• Label and pack boxes up with things you won’t need to use until you move. I started this process very eager to pack everything and get rid of the rest; we ended up the last few weeks living with only our camping chairs as seats! Just make sure what you pack away or get rid of, is everything that you won’t actually need for a while. Another good tip is to make a checklist of all packing boxes and what will go in each one. This would have been handy to have on the other side, because when our boxes did arrive, I had forgotten what we had actually sent over!
  • Put your house on the market if you’re selling it or start finding a tenant. We only started looking for tenants a month before we left and we really left it late because we ended up with an empty house for a few months which was less than ideal.


  • Depending on your existing work contract, you will need to choose the right time to resign. For us, we wanted to give our employers enough notice that we were leaving, and in the end this notice period worked in our favour because my company asked me to stay on working remotely for a few months which was helpful to keep me busy while we moved over and looked for a job overseas.
  • Cancel subscriptions and direct debits you won’t carry over with you. If you are leaving the country it is best to cancel these subscriptions while you are still in the country. I had a phone contract that would have costed a lot to cancel, so I just notified them that I want to cancel at the end of the subscription period. We still have our bank accounts open in South Africa, but since we don’t have many debit orders still left (just house stuff), it was easy to see if there was any debit order we forgot to take care of. If you close your accounts, you will need to make sure all your contracts are cancelled beforehand.
  • Sell or give away items you don’t want to take with you. We sold, donated and threw out most of our stuff. We used it as a great way to declutter and let go of all the stuff that served no purpose for us anymore. We sold most of our stuff online too, which was very easy to do.
  • Sell your car. We decided to sell our cars online, you can choose to sell it privately yourself. We just found it easier and less hassle to sell it through an agent who handled all the paperwork for us. We used and they even arranged for our cars to be picked up as close to our move date which was convenient for us. Another benefit of using webuycars is that they paid the outstanding cash for our car loan direct to the bank, so we didn’t have to stress about transferring that ourselves.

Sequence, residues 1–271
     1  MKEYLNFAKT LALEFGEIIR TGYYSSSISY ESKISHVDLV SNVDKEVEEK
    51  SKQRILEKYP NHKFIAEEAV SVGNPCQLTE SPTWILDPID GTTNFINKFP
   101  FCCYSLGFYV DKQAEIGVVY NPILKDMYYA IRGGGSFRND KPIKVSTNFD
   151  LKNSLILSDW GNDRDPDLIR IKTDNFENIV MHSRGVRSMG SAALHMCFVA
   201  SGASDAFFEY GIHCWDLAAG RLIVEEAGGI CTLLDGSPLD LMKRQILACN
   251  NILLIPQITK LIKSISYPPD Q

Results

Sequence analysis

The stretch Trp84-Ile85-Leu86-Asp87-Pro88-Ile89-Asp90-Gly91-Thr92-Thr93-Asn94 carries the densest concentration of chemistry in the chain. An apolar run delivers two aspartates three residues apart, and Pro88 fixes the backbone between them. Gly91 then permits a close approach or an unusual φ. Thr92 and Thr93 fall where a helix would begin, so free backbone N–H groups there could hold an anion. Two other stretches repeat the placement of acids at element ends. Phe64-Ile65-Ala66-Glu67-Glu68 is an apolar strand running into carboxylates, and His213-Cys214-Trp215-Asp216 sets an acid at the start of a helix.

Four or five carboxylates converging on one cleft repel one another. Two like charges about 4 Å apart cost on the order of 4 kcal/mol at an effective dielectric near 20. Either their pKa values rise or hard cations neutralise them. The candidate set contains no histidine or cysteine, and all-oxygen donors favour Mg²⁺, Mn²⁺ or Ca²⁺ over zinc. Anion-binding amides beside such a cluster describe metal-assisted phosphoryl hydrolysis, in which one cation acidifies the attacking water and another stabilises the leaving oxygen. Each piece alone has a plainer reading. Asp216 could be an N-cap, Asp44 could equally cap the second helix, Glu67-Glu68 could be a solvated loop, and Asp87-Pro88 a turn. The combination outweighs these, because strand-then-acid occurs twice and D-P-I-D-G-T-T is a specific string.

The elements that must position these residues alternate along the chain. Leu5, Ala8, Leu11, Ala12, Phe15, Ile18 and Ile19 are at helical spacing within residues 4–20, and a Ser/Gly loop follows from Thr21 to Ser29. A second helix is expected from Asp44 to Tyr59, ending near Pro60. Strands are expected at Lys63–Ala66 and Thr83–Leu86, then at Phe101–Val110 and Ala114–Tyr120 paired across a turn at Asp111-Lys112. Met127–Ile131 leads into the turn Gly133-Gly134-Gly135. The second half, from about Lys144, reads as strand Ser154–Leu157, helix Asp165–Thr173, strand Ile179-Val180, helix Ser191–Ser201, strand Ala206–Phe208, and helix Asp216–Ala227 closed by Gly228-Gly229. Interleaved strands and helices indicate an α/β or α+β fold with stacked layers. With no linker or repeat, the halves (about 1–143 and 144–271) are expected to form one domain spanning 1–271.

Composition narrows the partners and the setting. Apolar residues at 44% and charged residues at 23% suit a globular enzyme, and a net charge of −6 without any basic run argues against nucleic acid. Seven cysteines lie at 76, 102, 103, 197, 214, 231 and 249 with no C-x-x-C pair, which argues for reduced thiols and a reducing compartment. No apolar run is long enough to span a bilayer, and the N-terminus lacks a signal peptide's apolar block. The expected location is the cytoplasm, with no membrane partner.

• Arrange travel and health insurance for your move. You never know if you might need emergency care when you first arrive, so rather be safe than sorry.
  • Visit the doctor for a final check-up and arrange for vaccinations if you need them. We didn’t need any vaccinations to move to Ireland, but we went to the dentist, doctor, gynae and Rob got his eyes checked. It’s helpful to get these down before you leave because it will take a while to settle and time to find doctors over in your new country.
  • Get copies of your medical records for yourselves, children, as well as your pets. This is especially important if you are on any existing medication, so as to show your new doctor overseas.
  • Get a stock of your prescription medication. Find out what the local names and equivalents are for any prescription medication you or your family are on. Make sure that it will be available in your destination country. If not you will need to arrange to take a supply with you, together with proof of your need for the medication in case you are stopped at customs. I carried 6 months of my own medication with me, together with my script and letter from my doctor. I wasn’t stopped at customs, and just went through without any problems.


  • Begin packing up your home. Normal people can wait till one month before to pack their home, I guess I am not like most people because like I said I started this as soon as we decided we were moving – absolutely zero chill! But really, one month is more than enough time. Especially considering you hopefully won’t need to send over too much stuff. 
  • Make sure your house insurance is due to be cancelled on moving day. This is something some people forget to cancel, or cancel too soon – but if you have household insurance, remember to cancel it on the same day everything is getting picked up to be shipped off.